TWO DAYS IN THE LIFE OF RAMSEY
Day 1, Truckee CA, Friday June 13:
4:45 am- wake up. eat some ice cream. go back to bed.
6:45 am- wake up. finish packing gear. eat cereal with lots of fruit and toast. wait to hear from matt.
8:20 am- matt arrives. load up the car. head to wild cherries. eat more breakfast. get jacked on coffee.
9:05 am- make like a banana and split. matt drives the whole way.
11:05 am- at a rest stop on hwy 80 over looking vallejo I see six flags and water world in the distance and tell my self to ride another roller coaster and swim with dolphins sometime before im too old.
1:00 pm- arrive at rich’s house in redwood city. meet his 170 lb great danes. ask rich if i could ride one of them in the race. get smacked. get house tour. unpack. head to pescadero to pre ride race course.
1:45 pm- park at the finish line on haskin’s hill. gear up. ride the course at tourist pace. note the turbulent beauty as it crashes upon me. note the descents.
5:00 pm- back at rich’s. shower. meet rich’s wife susan and son cal. play a few games of guitar hero. wonder what could have been.
6:30 pm- take in the sights of redwood city. eat fish tacos and burritos at sanchos. shop for breakfast.
8:10 pm- go to see the movie incredible hulk for cal’s graduation from fourth grade. throw popcorn. read spanish subtitles. shoot spit balls. cause general chaos.
10:30 pm- last minute check of race gear. decide to share the guest room bed with matt instead of sleep on the floor. read magazine. lights out.
3:27 am- wake up when matt puts his head on my chest. am i dreaming? no! tell matt to stop snugglin and fall back asleep.
Rich, the guitar hero.
Day 2, Redwood City, Saturday June 14:
5:30 am- race day. wake up. try to recall a nightmare. some thing about a dude cuddle. try to forget a nightmare. eat breakie. abuse rich’s espresso machine.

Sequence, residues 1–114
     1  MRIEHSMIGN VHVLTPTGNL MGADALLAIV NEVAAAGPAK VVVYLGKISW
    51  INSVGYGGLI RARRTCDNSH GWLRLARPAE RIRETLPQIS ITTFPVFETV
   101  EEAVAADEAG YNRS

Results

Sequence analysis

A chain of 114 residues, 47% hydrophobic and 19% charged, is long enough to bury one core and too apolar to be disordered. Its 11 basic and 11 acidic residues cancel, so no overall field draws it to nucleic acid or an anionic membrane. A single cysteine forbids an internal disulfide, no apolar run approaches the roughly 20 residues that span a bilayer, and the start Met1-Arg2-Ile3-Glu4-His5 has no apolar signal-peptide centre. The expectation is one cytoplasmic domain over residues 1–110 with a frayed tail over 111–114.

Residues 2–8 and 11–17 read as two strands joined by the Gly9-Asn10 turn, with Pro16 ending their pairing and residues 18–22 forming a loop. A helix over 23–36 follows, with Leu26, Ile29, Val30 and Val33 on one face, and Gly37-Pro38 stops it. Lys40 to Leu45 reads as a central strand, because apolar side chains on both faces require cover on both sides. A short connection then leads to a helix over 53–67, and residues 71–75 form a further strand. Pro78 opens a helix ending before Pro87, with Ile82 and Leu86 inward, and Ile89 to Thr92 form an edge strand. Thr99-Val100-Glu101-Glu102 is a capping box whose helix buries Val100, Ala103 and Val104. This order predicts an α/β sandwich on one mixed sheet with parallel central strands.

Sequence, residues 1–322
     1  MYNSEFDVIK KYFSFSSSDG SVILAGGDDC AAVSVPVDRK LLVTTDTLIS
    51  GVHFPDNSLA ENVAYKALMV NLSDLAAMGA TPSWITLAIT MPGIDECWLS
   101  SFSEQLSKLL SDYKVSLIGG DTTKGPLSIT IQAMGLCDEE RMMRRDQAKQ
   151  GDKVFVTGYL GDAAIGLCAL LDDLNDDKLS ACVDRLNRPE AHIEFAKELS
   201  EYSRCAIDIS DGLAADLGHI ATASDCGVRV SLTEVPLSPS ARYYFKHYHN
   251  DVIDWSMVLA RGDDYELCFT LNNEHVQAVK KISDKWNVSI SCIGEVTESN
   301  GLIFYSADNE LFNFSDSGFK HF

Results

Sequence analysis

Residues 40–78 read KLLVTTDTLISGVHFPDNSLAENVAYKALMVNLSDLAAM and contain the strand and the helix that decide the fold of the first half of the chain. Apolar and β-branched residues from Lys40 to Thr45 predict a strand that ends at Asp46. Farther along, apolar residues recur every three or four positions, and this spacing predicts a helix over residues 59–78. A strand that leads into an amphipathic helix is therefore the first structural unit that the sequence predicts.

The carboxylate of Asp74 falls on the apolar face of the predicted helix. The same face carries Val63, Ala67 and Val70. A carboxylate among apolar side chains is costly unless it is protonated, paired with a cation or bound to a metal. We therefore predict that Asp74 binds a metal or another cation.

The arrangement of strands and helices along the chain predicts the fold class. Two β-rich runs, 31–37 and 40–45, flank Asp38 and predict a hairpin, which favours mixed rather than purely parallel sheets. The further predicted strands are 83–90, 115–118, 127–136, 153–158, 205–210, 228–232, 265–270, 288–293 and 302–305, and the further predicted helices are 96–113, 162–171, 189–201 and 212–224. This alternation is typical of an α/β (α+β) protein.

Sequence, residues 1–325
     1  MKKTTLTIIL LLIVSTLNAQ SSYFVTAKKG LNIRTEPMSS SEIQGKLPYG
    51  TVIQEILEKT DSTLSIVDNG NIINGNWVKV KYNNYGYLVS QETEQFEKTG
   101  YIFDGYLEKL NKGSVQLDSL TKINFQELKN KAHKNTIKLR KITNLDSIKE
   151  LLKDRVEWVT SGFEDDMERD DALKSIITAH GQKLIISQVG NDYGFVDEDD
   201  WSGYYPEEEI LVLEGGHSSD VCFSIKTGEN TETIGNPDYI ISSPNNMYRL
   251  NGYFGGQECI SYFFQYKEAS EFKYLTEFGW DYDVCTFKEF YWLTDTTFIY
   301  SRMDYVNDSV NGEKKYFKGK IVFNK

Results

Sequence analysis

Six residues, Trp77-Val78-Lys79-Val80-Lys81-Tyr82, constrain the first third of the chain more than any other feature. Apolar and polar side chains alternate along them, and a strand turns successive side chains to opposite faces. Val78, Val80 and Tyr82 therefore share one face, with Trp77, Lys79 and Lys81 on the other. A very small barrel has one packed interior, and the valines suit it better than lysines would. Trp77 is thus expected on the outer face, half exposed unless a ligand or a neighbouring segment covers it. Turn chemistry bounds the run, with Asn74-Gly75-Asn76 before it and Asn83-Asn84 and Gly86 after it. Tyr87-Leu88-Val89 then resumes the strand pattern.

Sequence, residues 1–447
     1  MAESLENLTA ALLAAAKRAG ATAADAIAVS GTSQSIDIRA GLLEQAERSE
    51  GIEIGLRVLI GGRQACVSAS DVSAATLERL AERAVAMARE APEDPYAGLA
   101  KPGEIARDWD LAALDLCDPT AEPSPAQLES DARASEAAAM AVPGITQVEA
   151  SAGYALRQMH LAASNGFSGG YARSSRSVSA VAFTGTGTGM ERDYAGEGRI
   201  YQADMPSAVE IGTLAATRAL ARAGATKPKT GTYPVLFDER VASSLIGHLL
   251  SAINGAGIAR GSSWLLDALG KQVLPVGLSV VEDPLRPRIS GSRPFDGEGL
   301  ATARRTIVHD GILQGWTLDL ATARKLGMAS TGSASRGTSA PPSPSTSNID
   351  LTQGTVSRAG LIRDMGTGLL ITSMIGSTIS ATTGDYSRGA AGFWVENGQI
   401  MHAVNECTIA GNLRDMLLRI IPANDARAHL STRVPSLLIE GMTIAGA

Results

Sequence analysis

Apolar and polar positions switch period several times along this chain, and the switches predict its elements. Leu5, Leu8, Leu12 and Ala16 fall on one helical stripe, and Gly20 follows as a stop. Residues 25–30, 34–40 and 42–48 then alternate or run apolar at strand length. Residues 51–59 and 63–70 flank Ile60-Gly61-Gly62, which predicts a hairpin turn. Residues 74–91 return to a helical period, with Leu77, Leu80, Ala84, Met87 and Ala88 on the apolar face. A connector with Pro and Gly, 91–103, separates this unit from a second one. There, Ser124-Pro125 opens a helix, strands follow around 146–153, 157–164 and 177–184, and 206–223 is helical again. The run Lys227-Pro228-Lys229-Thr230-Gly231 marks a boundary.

6:15 am- gear up. head out to race.
7:00 am- arrive in pescadero. stake out a warm up spot close to start line. register.
8:30 am- on the bike. line up at the start.
8:40 am- promenade. say my hellos. meet new people.
9:00 am- all neutrality is lost.
9:01 am- heart rate goes up.
10:50 am- heart rate goes down. finish in the back half of the pack.
11:30 am- finish cool down ride. drink carbs. put street clothes on. head to the beach with matt. get in the icy ocean up to my thighs. ponder buying a wool fisherman’s sweater, moving to the ocean and starting a barnacle farm.
1:00 pm- meet up with rich back in redwood. eat house cured pastrami sandwich’s at the refuge restaurant. yummy.
3:00 pm- head back to tahoe. matt drives the whole way.
8:00 pm- rent movie.
10:00 pm- fall asleep about 20 minutes into the movie.
Rich and I decided to throw in a couple of bonus miles and rode from our houses over to Pescadero, race, then ride home. My first goal was to get a long ride in and finally do Pescadero. The Pesky course is my backyard for weekend rides out to the coast. It’s an absolutely beautfiul loop on good roads with a few challenging sections and the final Haskins Climb. In the Masters 123, we do 75miles and climb Haskins three times…big fun. We rolled out from the start at a leisurely pace which really continued through the entire first lap even up Haskins. A few attacks but no one really doing much in earnest–even so I felt a little off. The group was too big with all the climbers just sitting in. On the second lap, there were a few accelerations on the two short climbs coming across Stage Rd. I tailed off just towards the end of the second climb–and it was still a pretty large group 30-35 riders. Not good. My legs were crampy. I went to the front and took a few pulls coming up 84 hoping to find a something.